Sramana: Let’s trace the journey of your company. When start your first company?
Aaron Skonnard: Coming out of school I worked as a programmer for three years at larger companies. I worked at Microsoft, 3M, and Intel. I worked for those companies as a developer before I found a smaller company in Utah called Axiom Technologies. They no longer exist, but they were the company that built the software for FranklinCovey. While I was working for them, I was exposed to a wide variety of software development challenges. It was during this time that I started to write articles and books. I was learning a lot as a programmer and I wanted to share what I was learning with the world.
I started writing articles for some Microsoft Developer journals, and that is when my career started taking off. I wrote some books for Addison-Wesley. I was then contacted by a company in L.A. that wanted me to come and teach some professional training courses. I thought it sounded like fun, and I made arrangements to do that while I was still working at my primary job. I started going off to teach one-week training courses and I quickly fell in love with it.
Sramana: What kind of courses were you teaching?
Aaron Skonnard: I taught people how to build applications for Windows using Microsoft Win32. I also taught programming languages or advanced frameworks. These were courses meant for developers who were working at large software corporations. Microsoft was our biggest client. We would teach their developers about their technologies. We were hired experts who would come in and help a team of 25 developers ramp up on any particular technology.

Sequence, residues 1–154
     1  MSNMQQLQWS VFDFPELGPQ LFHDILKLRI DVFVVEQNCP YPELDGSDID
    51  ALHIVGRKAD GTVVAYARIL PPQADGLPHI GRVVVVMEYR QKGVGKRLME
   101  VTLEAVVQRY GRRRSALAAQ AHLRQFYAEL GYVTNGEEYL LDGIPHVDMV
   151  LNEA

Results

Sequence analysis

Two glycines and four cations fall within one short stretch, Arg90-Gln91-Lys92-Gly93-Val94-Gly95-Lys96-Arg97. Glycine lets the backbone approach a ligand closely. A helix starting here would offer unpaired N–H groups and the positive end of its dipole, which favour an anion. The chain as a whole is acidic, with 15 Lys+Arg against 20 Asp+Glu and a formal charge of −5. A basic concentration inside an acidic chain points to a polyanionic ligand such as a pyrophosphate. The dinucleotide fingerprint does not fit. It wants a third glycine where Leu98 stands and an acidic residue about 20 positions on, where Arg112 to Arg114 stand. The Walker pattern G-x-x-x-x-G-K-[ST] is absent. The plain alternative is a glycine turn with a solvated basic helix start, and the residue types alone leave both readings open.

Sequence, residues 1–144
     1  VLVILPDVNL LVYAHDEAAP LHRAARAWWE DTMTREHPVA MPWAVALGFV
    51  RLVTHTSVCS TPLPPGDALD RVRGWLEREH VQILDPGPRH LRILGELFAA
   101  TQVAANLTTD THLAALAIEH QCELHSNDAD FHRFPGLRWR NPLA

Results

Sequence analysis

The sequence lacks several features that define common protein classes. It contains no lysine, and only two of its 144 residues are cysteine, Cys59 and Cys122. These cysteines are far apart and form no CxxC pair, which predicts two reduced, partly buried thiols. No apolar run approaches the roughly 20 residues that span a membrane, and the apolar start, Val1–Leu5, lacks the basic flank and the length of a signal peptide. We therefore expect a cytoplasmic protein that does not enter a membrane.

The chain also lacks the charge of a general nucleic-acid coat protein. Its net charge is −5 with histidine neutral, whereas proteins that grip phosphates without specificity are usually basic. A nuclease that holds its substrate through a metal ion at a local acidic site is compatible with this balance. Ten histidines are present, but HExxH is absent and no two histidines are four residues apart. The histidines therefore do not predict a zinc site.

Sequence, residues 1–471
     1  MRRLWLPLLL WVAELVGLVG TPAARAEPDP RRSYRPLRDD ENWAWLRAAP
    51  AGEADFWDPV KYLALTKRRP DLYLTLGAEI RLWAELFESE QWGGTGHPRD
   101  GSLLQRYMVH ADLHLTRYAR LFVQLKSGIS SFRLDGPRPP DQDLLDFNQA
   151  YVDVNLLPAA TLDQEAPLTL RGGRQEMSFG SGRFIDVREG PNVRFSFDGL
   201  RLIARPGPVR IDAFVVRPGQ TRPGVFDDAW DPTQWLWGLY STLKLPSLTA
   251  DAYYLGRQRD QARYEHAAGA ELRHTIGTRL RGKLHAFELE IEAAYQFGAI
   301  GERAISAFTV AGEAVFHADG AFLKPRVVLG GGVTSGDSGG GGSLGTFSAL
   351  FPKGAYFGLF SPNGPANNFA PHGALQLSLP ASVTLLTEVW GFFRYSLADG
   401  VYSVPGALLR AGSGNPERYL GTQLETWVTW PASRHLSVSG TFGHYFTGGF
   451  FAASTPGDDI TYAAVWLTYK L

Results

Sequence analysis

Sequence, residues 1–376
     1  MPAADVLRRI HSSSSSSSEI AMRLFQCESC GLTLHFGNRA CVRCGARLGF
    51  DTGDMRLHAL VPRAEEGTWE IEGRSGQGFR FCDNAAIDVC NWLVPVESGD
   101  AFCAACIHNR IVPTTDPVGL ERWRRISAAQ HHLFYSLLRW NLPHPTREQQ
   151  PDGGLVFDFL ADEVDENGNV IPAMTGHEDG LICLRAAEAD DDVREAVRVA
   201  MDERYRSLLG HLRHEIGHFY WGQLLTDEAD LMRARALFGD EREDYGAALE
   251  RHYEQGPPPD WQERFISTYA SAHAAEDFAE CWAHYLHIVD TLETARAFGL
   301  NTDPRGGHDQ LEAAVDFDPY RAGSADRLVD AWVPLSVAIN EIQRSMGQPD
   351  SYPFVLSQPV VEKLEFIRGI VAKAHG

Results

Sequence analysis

Within six months, I decided all I wanted to do was teach. I left my day job, which required me to write code to become a full time professional trainer. I ended up doing that for the next seven years. After a while I decided that where they were going was not where I wanted to go. I got bored with it after a while. If you like to teach it was a fun career, but I was not going to change the world by continuing down that path. I wanted to put a dent in the universe to some degree, so I decided to split off and form Pluralsight.
I started it with a few partners, and all of us had six to ten years of experience in the professional software developer training market. We decided we would offer training better although we did not know how that was going to happen. Our first steps were to develop a better business model, which allowed us to attract top experts since we were able to pay them more money. We created a more efficient model for training.
Sramana: Was this all in-person training?
Aaron Skonnard: Yes. We built our business as a more cost-efficient operation but it was still built as a business that sent a trainer onsite. About three years into that business I was sitting on an airplane heading off to teach a class. I realized that what I had done was not substantially different from what we had done before, and it was not substantially better. It was not revolutionary. It was not going to cause people to take notice of us.